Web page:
Why is there always so much salt on campus?
As someone who hates how much blue salt gets dragged into my living room every day, I’m trying to shed some light on the issue.
Obviously, there is a reason for the salt.
Salt helps us in terms of grip and is somewhat of a necessity during the winter months, because it’s a cheap and effective way to protect roads from ice.
By lowering the freezing point of pure water salt impedes the ability of the water molecules to form solid ice crystals.
But, why, oh why, is there so much salt?
I feel like half the time we are expecting snow, I see more blue than white.
These salt solutions decrease the freezing temperature of water to just around 15 degrees Fahrenheit.
When the temperature goes below that, all the salt in the world can’t help.
Moreover, the environmental impact of all this salt is staggering.
The salt runoff floods into Lake Erie and makes the sodium content in Erie waters 40 times higher than it should be.
Penn State Behrend research teams discovered that the issue is actually worsening in Erie right now.
If this doesn’t bother you, then think about the fact that we have to drink that water.
Animals have to live in that water too.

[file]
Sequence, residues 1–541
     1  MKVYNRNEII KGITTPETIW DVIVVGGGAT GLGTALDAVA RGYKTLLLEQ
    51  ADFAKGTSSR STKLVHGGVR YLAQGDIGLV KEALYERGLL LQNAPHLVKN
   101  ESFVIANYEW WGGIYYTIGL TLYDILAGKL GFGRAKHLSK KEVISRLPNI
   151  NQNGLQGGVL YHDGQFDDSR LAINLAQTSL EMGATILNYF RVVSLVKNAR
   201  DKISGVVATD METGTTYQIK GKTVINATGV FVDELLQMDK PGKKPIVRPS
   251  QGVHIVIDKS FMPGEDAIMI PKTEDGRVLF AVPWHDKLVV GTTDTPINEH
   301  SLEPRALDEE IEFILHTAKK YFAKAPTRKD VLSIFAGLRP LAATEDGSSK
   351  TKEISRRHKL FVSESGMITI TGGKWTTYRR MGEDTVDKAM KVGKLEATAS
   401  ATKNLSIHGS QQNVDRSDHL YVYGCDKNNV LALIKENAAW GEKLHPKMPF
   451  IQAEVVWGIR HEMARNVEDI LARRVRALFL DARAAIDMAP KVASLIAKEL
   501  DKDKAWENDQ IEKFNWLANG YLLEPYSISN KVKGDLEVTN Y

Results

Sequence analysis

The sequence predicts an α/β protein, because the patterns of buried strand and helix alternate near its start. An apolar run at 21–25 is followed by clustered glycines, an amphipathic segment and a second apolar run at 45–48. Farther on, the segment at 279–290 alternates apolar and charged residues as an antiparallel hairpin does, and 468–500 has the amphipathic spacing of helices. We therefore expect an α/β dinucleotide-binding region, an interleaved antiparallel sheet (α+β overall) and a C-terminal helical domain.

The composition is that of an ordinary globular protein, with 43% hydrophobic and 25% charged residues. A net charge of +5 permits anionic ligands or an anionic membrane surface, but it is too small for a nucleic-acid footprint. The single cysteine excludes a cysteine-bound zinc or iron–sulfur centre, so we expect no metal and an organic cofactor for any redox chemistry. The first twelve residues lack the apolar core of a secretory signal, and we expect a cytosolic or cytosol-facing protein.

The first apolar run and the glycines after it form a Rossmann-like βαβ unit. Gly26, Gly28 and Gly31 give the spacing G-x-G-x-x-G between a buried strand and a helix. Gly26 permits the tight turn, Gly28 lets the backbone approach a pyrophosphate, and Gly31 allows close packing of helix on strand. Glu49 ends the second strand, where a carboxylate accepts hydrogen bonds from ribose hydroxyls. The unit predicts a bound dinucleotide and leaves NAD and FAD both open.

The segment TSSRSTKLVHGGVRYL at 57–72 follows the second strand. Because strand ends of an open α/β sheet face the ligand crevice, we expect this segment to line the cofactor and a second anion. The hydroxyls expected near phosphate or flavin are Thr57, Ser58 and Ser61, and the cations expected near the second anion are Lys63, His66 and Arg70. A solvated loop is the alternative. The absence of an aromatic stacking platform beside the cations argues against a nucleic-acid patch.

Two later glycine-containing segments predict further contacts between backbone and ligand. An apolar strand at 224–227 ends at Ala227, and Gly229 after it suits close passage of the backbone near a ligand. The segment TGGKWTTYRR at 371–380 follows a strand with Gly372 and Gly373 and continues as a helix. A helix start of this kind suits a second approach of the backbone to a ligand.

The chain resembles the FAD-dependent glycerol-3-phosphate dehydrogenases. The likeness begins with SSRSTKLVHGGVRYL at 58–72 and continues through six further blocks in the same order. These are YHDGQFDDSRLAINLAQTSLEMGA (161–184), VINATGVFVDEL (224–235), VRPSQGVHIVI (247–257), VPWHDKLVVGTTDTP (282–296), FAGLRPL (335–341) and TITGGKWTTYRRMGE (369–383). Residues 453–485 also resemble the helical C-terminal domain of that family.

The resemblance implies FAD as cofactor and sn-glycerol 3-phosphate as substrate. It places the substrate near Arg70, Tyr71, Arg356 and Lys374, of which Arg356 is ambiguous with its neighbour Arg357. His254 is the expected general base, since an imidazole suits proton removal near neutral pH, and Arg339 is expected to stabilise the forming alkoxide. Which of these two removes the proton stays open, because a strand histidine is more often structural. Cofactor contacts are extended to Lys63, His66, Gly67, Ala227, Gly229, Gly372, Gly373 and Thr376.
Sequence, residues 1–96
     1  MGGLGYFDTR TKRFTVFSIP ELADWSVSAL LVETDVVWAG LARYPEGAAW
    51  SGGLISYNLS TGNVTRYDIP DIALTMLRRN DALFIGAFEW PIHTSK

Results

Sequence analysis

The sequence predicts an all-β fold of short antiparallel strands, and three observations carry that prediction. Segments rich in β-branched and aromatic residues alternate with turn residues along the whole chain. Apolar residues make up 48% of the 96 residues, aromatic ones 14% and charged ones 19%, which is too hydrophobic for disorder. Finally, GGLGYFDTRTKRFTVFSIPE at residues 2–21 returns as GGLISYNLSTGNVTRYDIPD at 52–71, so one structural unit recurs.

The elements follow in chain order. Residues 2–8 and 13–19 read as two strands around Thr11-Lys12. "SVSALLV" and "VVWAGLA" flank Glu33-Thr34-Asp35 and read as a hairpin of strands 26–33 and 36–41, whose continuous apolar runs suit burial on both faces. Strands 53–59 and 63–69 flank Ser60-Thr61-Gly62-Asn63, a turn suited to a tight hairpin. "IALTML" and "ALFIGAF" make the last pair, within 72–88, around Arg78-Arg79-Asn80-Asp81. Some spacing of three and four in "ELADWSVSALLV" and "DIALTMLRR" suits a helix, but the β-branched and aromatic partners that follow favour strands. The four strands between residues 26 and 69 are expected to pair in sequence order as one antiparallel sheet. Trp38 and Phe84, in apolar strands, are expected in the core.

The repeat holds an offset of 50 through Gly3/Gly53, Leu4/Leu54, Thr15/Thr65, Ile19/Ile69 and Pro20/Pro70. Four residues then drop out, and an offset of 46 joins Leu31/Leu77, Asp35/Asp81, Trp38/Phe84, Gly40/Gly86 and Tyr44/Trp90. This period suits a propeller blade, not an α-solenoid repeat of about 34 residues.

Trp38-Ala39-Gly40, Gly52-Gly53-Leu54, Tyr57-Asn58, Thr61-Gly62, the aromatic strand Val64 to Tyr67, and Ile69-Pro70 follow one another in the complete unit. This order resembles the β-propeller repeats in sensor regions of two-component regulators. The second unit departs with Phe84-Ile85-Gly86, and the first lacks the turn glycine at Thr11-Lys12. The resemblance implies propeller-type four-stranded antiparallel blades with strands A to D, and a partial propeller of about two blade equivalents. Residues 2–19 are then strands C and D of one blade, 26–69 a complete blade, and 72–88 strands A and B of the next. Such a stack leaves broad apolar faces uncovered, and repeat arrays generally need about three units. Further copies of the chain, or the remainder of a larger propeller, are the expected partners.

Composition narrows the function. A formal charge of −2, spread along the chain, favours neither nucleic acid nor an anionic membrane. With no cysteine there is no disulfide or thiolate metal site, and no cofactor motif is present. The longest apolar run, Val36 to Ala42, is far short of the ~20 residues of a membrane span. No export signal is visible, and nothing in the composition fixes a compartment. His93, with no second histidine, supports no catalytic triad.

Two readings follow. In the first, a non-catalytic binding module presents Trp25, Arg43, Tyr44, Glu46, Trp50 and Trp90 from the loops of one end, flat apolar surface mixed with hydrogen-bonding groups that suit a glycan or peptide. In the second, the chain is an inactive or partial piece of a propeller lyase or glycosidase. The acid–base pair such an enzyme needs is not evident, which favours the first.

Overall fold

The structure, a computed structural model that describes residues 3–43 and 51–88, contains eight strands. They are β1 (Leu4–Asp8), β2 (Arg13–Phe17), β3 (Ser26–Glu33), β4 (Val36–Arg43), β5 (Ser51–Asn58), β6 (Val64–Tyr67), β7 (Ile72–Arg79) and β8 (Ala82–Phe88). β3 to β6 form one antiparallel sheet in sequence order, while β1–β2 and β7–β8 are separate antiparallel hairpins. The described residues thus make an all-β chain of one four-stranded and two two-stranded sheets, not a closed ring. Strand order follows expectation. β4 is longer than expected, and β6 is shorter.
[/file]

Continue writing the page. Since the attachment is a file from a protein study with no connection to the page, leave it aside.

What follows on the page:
The sodium chloride is toxic to aquatic life and even low concentrations harms the freshwater ecosystem.
Columbia University found that some 40 percent of U.S. urban streams now exceed the safe guidelines for aquatic life.
Runoff containing the road salt causes oxygen depletion in bodies of water, which is also equally as harmful for the natural life.
Salt is a corrosive, eating away roads, bridges and other infrastructure, and costing us millions each year in repairs.
Since salt was first used in the 1940s, its usage has only increased.
Today an estimated 20 million tons of salt is scattered on U.S. roads annually.
This is about 123 pounds for every American. That is as crazy as it sounds.
Winter maintenance is very expensive for states and Pennsylvania comes in second after New York, spending $246 million on snow control each year.
Imagine if we spent a little less on sodium and little more on caring for our earth.
An alternative strategy would be putting sand on the ice, but it is not cheaper and also has its drawbacks because it doesn’t change the melting temperature.
I live in a Lewis townhouse which has both a front and back door.
This creates two gaping points of entry for all the salt.
Our back steps get cleared in the mornings by maintenance, which is such a blessing, but then get thoroughly salted.
If the steps are cleared, we really don’t need that much salt in the end.
To be honest, more ends up in our living room then on the actual steps.
I want to make one thing clear, I don’t blame the maintenance workers for this at all.
They do so much for all of us, and I am sure they are just using the amount of salt that they are instructed to.
I’m also sure the University also fears an expensive lawsuit if someone slips and they have not salted at all.
That’s actually the hard part here.
Where are we supposed to draw the line between safety and sustainability?
Salt is working in the short-term, but the long-term impact is detrimental.
In this day and age, I honestly think the environment calls us to salt less and take care when walking more.
I am sick of the blue particles everywhere.
And, to be blunt here, Erie’s water, natural and plant life can only handle so much more of this.